Me on Writing: I write my way in… and I write my way out, gallivanting all about with pedantic prose. Or at least that's what I would like you and everyone to think. The undercurrent of truth starts with me being saddled with a condition that's not all that uncommon these days. But back when I was in my most informative years, my learning disability was simply diagnosed as "this poor child is dumb." At the time, not too many people were kind enough to use the phrase, "the child has an addled brain." Which I probably would not have understood what that meant, but so be it.
What was this mysterious condition that plagued me as a boy? Well, now there is a clinical word to describe it. The popular term today is dyslexia. At the time, no one really understood learning disabilities. This dyslexia stuff seriously impacted my ability to spell. Which, of course, made writing a real challenge. My thoughts and ideas were good, but with poor spelling and bouts of confusion, no one could accept there was anything worthwhile coming out of this constantly perceived dumb kid.
Fast-forward a few bunches of years, I still can't spell very well, but technology came to the rescue. Is the stigma of not being very smart still reside in me? Sometimes. But ultimately I fervently believed that it made me become more clever in the way I shared my thoughts and ideas. I'm a good talker. But if someone asks me to write my thoughts on a whiteboard in front of a group of people, I would emotionally cave. And yes, it has happened to me on more than one occasion in business meetings.
I could write. The thought occurred to me, not the usual business kind of writing that I've had to do all along. But the kind of writing where I could express my feelings, thoughts, and ideas and maybe give some benefit to others. I started out just writing short stories. Many of which appeared with my art on my artist blog. It was a wonderful way to teach myself to write better and to let my imagination run wild. It worked. It was fun, and it was cool!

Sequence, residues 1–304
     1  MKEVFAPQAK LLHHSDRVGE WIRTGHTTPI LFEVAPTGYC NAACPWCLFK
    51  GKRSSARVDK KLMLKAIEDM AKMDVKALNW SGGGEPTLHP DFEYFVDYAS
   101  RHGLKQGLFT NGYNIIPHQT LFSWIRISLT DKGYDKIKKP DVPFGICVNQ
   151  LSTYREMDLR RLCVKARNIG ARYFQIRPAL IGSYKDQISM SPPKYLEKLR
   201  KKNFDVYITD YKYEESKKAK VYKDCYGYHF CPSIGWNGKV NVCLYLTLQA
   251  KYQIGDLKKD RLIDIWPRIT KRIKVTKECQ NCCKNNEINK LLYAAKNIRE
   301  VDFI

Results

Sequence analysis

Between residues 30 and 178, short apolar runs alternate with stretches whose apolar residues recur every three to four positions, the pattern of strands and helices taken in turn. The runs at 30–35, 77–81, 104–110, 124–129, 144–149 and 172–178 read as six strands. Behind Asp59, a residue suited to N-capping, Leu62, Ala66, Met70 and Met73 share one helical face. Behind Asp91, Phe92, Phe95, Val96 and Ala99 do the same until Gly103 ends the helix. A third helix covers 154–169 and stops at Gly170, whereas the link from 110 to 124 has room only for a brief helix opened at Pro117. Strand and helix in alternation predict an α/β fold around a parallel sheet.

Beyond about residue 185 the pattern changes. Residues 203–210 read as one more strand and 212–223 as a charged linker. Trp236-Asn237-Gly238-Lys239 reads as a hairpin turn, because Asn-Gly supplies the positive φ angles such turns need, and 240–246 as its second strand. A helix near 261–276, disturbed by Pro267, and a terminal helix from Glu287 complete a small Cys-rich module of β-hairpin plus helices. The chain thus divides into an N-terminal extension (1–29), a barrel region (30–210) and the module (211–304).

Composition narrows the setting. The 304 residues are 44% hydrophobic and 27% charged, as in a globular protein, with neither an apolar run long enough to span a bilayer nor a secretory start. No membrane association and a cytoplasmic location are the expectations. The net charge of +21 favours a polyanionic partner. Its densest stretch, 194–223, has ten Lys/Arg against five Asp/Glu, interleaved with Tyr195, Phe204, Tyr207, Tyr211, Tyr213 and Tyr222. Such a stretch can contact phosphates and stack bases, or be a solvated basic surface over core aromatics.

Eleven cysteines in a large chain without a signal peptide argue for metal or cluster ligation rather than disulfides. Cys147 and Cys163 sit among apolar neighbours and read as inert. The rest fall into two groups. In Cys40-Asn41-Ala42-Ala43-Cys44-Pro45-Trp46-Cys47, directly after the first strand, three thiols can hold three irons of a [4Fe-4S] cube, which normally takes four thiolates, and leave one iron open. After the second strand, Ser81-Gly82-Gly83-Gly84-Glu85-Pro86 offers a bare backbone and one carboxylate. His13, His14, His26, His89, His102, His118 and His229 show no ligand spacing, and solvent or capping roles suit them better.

Now, me on writing? Well, it gets down to this. It can give you the grandest sense of freedom. You can build powerful sentences. You can explore vocabulary that is virtually never-ending. And perhaps the greatest reward of all, it's a pure form of creativity that practically requires no tools. Thoughts are conveyed through symbols, letters, and punctuation. Many people say that writing is hard work, but I disagree. Writing is one of the few ways you can truly express joy to yourself and to others. You can even wrap up the drama in your life with as many words as you would like. You can experience total freedom. You can go anywhere on earth or anywhere in the universe. By yourself or with the characters you create. Wherever you want to let your imagination take you in written words.
Writing is addictive; you'll soon develop a psychological need to express yourself in the format of the written word. Next to thinking internally, it's the purest form of becoming self-aware. Words can elevate, and words can hurt when spoken, but so much more can be conveyed when written down. Freestyle writing can improve your health, your attitude, and ultimately your inner peace and happiness.
"I write to feal me." Rod Jones Artist-writer
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